HomeHealth & FitnessAre there structural brain differences associated with suicidal thoughts in youth?

Are there structural brain differences associated with suicidal thoughts in youth?

A new study by a global team of researchers including USC’s Mark and Neda Jahanshad, PhD, of the Keck School of Medicine at the Mary Stevens Neuroimaging and Informatics Institute (Stevens INI), reveals subtle changes in the shape of the prefrontal region of the brain in young adults. has done. Mood disorders and people with suicidal thoughts and behavior. The study was recently published in

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“Along with my colleagues at Stevens INI, an international team of neuroscientists, psychologists and psychiatrists came together under the National Institute on Mental Health-funded part of the NIGMA Suicidal Thoughts and Behaviors (NIGMA-STB) Working Group, the NIGMA Consortium . , to collect together the amount of data needed for this type of study. Suicidal behaviors occur in many mental illnesses, so instead of focusing on a single illness in small samples, we pulled together researchers whose PASS had data on suicidal behavior in young people and coordinated a large-scale team science initiative to compare data for disorders here, with a focus on youth,” Jahanshad said.

“Benefiting from the large dataset we have available, we were able to perform the analysis in multiple sub-samples,” elaborates Laura van Velgen, PhD, postdoctoral research fellow at the University of Melbourne’s Center for Youth Mental Health and first author of the study.

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“We started with data from a small group of young people with mood disorders for whom very detailed information about suicide was available. Next, we went larger and more in terms of the type of diagnosis and the tools used. Were able to look at a variety of samples to assess suicidal thoughts and behaviors.

Our results show subtle changes in the shape of the frontal pole, a prefrontal region, in this first sample of young people, and suggest that these associations may be absent or more difficult in more diverse samples. In addition to revealing subtle changes in prefrontal brain structure associated with suicidal behavior in young people, our study demonstrates the strength of combining data from 21 international studies and the need to carefully harmonize data across studies.”

Van Welgen said, “The structural brain differences we found were very subtle, meaning that most people with a history of suicidal behavior have brains that are not very different from people without a history of suicidal behavior, who are convinced Is.” “However, the subtle differences we found provide us with a better understanding of the mechanisms involved in suicidal behavior and may ultimately provide important targets for more effective suicide prevention strategies for the next generation.”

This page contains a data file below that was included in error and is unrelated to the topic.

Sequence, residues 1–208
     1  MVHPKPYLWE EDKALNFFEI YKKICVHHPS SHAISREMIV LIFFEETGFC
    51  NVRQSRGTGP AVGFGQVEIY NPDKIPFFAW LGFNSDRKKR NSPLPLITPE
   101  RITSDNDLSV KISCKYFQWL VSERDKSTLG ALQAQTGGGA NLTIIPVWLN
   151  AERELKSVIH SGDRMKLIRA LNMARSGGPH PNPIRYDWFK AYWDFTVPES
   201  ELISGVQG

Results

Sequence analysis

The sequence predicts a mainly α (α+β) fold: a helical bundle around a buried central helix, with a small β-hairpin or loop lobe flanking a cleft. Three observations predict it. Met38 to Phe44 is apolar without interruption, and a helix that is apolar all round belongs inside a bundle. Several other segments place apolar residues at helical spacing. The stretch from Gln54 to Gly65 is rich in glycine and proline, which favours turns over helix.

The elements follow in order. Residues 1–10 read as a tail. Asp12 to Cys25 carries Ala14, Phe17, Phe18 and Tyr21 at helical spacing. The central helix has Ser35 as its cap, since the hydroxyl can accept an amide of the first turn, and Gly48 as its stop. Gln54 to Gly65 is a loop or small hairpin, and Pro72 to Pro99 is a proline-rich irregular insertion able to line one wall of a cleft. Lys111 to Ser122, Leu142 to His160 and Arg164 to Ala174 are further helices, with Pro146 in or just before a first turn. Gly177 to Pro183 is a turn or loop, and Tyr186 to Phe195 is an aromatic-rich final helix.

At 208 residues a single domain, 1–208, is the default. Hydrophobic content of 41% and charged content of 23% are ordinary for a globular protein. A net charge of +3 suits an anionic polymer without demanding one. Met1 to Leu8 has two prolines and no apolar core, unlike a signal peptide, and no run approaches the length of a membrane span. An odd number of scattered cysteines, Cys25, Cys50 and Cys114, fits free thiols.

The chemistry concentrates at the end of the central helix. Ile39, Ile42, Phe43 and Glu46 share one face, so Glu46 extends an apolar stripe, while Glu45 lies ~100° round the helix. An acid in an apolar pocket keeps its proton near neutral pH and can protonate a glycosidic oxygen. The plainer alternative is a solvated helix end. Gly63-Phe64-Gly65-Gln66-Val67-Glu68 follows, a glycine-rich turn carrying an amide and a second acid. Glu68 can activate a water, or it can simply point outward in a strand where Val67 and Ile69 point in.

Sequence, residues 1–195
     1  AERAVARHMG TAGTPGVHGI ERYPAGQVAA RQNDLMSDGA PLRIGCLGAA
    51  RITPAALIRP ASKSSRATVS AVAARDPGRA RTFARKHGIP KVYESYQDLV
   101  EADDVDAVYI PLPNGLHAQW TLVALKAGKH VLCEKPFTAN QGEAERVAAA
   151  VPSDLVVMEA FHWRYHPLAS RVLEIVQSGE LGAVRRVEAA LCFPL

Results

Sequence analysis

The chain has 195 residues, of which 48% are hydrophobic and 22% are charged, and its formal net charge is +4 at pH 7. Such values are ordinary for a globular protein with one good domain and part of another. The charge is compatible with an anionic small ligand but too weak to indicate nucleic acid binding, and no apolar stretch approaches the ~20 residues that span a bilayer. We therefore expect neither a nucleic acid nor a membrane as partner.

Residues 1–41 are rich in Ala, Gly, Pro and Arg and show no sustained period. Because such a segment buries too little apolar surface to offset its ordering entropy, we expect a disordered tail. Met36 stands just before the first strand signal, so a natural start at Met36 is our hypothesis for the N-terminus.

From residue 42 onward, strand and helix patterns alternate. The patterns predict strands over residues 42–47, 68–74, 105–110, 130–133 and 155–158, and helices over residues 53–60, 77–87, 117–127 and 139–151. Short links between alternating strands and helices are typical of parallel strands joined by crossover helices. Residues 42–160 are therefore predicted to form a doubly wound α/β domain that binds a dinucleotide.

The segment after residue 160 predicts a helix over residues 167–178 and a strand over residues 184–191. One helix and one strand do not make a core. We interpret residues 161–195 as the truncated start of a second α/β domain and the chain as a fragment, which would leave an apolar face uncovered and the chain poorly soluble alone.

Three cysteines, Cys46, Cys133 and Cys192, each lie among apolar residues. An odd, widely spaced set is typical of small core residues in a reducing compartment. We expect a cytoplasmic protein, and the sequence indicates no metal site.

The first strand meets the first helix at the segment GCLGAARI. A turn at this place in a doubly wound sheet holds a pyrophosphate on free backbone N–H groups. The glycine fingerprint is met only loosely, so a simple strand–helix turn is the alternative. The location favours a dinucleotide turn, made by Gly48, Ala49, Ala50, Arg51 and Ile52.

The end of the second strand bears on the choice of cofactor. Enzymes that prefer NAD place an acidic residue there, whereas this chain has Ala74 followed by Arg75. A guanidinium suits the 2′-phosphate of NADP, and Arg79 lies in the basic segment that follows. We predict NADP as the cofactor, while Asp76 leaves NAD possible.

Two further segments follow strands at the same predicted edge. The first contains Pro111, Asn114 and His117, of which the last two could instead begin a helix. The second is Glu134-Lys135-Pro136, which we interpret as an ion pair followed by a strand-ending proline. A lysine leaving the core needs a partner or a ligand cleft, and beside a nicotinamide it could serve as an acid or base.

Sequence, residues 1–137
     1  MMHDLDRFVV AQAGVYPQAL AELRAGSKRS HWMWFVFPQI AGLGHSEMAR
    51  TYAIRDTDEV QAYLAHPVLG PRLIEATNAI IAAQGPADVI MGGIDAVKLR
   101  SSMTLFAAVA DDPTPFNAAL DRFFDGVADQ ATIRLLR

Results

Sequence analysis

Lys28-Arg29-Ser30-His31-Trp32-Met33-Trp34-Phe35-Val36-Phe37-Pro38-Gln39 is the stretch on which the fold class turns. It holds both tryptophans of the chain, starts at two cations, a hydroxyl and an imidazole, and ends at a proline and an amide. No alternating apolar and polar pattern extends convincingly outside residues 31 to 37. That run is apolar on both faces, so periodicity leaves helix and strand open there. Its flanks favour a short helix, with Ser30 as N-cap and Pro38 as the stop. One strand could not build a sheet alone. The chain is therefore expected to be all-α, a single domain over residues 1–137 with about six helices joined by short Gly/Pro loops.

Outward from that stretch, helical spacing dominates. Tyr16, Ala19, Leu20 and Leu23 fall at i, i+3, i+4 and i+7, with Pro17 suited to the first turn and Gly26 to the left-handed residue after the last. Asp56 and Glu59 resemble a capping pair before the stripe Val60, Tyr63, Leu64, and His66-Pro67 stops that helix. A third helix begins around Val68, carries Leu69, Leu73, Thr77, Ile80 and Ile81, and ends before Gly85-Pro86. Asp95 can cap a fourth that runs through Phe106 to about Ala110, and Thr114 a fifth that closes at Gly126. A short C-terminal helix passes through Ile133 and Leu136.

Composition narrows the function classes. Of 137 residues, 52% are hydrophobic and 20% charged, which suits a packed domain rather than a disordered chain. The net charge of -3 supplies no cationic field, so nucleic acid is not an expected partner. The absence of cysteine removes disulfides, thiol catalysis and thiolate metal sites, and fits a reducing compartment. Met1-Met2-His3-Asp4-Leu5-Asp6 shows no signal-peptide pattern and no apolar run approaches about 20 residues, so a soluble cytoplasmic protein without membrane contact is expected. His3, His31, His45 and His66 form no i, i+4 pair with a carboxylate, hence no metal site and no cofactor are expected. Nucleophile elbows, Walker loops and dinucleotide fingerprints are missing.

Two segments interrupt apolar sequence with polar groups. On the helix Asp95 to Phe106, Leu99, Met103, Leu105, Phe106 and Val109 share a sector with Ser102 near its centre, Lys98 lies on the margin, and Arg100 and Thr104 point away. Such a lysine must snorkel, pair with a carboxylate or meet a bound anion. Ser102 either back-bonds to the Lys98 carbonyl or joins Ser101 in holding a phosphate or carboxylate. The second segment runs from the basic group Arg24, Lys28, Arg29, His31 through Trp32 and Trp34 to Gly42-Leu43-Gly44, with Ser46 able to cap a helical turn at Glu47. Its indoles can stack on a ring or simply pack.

Armed with these results, the research team is drawing attention to the urgent need for further study of this scope. Ongoing work by the same group will include expanded analysis with the goal of including additional age groups and exploring other features such as brain connectivity.

“The study provides evidence to support an optimistic future in which we will find new and better ways to reduce the risk of suicide. It is particularly hopeful that scientists, such as our co-authors on this paper, will be at large. Coming together in collaborative efforts hold great promise,” said study co-author Lian Schmall, PhD, associate professor, University of Melbourne.

In addition to her research work for the ENIGMA Consortium at Stevens INI, Jahanshad also takes a social approach to her work on mental illness. She serves as faculty sponsor for Trojan Support, a peer organization that provides students with the opportunity to connect with fellow Trojans trained for support and thoughtful conversations to promote mental and emotional well-being. Jahanshad mentored Armand Amini, president and founder of Trojan Support, while he researched brain mapping to better understand suicide risk factors at Stevens INI. Amini decided to form the organization after recognizing the need for a peer group for those uncomfortable with seeking professional help.

“This study exemplifies the power of researchers such as Dr. Jahanshad and colleagues, who seek to unite with experts from around the world to better understand and collect significant amounts of data,” INI Director, Arthur W. Toga, Says PhD.

“The goal of the NIGMA consortium is to bring together researchers from around the world so that we can combine existing data samples and really improve our power to investigate the brain in these potentially devastating mental illnesses. Additionally, our faculty and Prior collaborative efforts students like Armand Amini show our commitment to putting our research into practical use for the benefit of the USC community and beyond.”

Source: Eurekalert

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